Opinion: The push and pull of mobile phones — and what it means for girls

Young girls using a mobile phone in rural Makurdi, Benue state, Nigeria. Photo by: ©STARS / Kristian Buus / CC BY-NC-ND

Should a 16-year old have a phone? For many people, the answer is an automatic “yes.” They point to the role a phone can have in helping young people communicate in an emergency, get information online, participate in online banking, and a host of other functions. In an increasingly connected world, a phone is seen as a gateway to adulthood and a necessary device to have in one’s pocket.

In many places around the world, however, the reaction and conversation about phone access have two paths: If the 16-year old in question is a boy, there might be a shrug of the shoulders and a comment, “If he can afford it, he should have it.” But if the teen is a girl, the conversation changes. Safety is still an issue, but this time it is around concerns that owning or using a phone puts a girl in danger — of kidnapping or falling pregnant, for example.

Girl Effect’s research, conducted in partnership with Vodafone Foundation, helps us understand more about girls, boys, and mobile phones, including their access to phones, the ways they use them and what they think of them. The research surveyed more than 3,000 girls and boys, women and men from 25 countries around the world, with in-depth qualitative interviews with more than 1,300 respondents.

What emerged was a complex picture of incentives and disincentives — a push and pull — toward and away from the mobile phone.

Phones’ benefits were universally acknowledged. Both girls and boys talked about using them for communication, for homework, and for local and global news and information. Unsurprisingly, incentives don’t stop at simple utility — girls and boys talked about using phones to keep up with friends and relieve boredom.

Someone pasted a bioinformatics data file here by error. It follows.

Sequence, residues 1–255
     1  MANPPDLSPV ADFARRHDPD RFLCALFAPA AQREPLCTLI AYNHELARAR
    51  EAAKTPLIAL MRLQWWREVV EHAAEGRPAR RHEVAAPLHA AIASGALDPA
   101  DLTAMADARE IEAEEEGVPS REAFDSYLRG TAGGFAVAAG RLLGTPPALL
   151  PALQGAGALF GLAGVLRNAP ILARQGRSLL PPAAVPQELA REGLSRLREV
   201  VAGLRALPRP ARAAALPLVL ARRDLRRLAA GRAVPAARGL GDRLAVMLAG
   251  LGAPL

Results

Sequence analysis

Along with the incentives, though, are powerful disincentives. Boys mention cost — as do girls, but for them, the device can be associated with negative consequences once they have access. For girls, the disincentive is typically personalized, and long-lasting.

There is a perception that the phone itself is a danger to the girl. The phone is seen as a negative pathway specific to girls. As one of the research respondents put it: “If parents give their son a mobile phone, the community doesn't say anything, but when parents give a girl a phone, the community asks questions.”

Social perceptions about phones contribute to a considerable gap in phone ownership and access between boys and girls. On average, across Rwanda, Malawi, Tanzania, Nigeria, India, and Bangladesh, boys are 1.5 times more likely to own a phone than girls. Without a phone of their own, many girls borrow them — often secretly, or for just a few minutes at a time.

Without regular access, girls are more likely to think phones are unsafe. In our study, 47 percent of the sampled girls who were borrowers said that phones made them less safe, compared to 33 percent of phone owners.